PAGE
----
Updated February 1, 2 p.m. ET
Underneath tonight’s big win for Mitt Romney in the Florida Republican primary, is a statistic that might suggest enthusiasm is flagging among GOP voters in this large and crucial swing state: turnout was actually down significantly from 2008.
In the 2008 Republican primary in Florida, in which John McCain beat Romney by a margin of 36%-31%, a total of nearly 1.95 million votes were cast.
But in tonight’s primary, turnout was actually much lower. At time of writing, with 98% of precincts reporting, the total turnout is only about 1.65 million — a drop-off of 15% in terms of the raw number of voters.
Romney did increase his own vote total, though. In 2008 he received about 605,000 votes. Tonight, it is up to about 765,000. (One can imagine him combining some of his old votes, with some of McCain’s in 2008, for his strong 46% plurality.)
Now, there is an obvious counter-argument to explain the drop in turnout: The 2008 primary had a decent amount of suspense. McCain was ahead in the final stretch of polls, but not by a landslide. By contrast, Romney’s huge double-digit lead in the polls might have taken some of the suspense out of it for voters this time around, and made it seem not worth as much effort to get to the polls for a winner-take-all contest.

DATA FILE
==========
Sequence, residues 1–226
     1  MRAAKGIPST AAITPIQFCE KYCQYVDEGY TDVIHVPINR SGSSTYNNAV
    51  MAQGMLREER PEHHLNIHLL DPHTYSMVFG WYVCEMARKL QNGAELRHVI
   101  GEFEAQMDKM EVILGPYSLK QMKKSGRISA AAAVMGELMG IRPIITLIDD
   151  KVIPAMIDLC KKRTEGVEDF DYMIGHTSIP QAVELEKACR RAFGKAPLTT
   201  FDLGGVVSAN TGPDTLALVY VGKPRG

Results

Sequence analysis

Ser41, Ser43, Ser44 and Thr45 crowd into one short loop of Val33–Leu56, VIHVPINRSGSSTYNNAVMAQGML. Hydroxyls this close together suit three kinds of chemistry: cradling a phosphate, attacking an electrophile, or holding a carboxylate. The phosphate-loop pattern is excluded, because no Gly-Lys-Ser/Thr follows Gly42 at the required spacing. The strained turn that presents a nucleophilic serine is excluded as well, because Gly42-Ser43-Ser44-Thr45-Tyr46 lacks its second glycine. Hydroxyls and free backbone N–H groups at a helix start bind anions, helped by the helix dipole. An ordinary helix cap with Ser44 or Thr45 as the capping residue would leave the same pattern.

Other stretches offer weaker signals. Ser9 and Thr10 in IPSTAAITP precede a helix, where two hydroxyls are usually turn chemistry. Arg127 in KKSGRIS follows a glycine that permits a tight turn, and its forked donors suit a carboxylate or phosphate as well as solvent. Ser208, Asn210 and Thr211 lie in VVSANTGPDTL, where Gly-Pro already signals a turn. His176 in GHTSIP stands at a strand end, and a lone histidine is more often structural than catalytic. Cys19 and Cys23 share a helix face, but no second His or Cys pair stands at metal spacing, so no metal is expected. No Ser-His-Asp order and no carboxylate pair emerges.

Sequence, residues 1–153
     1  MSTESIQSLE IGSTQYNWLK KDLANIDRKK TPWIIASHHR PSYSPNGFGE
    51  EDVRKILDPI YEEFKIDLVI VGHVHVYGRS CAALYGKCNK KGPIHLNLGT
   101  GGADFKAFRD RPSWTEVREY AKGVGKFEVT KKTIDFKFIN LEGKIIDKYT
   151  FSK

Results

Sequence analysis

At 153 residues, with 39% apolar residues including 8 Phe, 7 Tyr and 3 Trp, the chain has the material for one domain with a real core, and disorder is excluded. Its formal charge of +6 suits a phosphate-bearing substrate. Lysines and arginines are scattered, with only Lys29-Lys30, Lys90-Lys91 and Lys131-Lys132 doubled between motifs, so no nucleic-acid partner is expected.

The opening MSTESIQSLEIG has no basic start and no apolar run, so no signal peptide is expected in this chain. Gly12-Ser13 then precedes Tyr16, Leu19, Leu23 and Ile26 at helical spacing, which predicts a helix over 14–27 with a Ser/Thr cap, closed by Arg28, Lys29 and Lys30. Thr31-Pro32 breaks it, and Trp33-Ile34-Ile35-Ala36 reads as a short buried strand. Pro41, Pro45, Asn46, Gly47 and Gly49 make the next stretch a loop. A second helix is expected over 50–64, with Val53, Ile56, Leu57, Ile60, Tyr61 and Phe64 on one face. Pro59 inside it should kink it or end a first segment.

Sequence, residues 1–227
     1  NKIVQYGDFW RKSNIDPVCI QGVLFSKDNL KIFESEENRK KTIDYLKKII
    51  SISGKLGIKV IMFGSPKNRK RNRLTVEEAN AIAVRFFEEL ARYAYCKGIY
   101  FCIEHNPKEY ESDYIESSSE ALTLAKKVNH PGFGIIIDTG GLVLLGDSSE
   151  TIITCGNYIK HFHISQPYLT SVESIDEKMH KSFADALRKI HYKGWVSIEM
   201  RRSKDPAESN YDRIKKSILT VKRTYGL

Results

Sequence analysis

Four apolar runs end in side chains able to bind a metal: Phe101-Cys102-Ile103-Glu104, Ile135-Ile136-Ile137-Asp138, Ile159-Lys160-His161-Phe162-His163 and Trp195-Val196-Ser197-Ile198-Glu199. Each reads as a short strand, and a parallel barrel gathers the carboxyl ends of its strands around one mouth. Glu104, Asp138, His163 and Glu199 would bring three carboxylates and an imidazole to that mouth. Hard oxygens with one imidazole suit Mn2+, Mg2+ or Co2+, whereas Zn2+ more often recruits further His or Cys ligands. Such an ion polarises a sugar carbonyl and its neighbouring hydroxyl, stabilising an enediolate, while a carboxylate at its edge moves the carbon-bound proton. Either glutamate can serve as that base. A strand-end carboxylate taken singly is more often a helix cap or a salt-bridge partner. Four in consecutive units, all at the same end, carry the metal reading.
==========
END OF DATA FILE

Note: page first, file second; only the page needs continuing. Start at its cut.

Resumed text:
However, we might also compare the state of the GOP in 2008 and now. Back then, they were in the minority in both houses of Congress, were saddled with a very unpopular lame-duck president, and had presidential candidates who often struggled at the task of standing by the party’s ideas and record while also differentiating themselves from the baggage.
This time, by contrast, the party has a huge majority in the House that it won on grassroots fervor, has a credible shot at the Senate, and has sought to forward an image of vigor and unity in their shared loathing of a Democratic president who has passed major pieces of legislation that they all despise.
Late Update: Some Republicans have argued to TPM that this not a strict apples-to-apples metric, the date of the 2008 Republican and Democratic presidential primaries also featured a referendum on a state constitutional amendment to strengthen the state’s cap on property taxes, called “Save Our Homes.” The referendum was supported by state Republicans and received 64% of the vote, needing 60% to pass.
“Turnout actually exceeded most of our projections this year, so we were pleasantly surprised,” said Sally Bradshaw, a former chief of staff to Gov. Jeb Bush and a senior adviser to Romney’s 2008 campaign. “We expected 1.3 or 1.4 million, because we did not have the property tax cut on the ballot this go round.”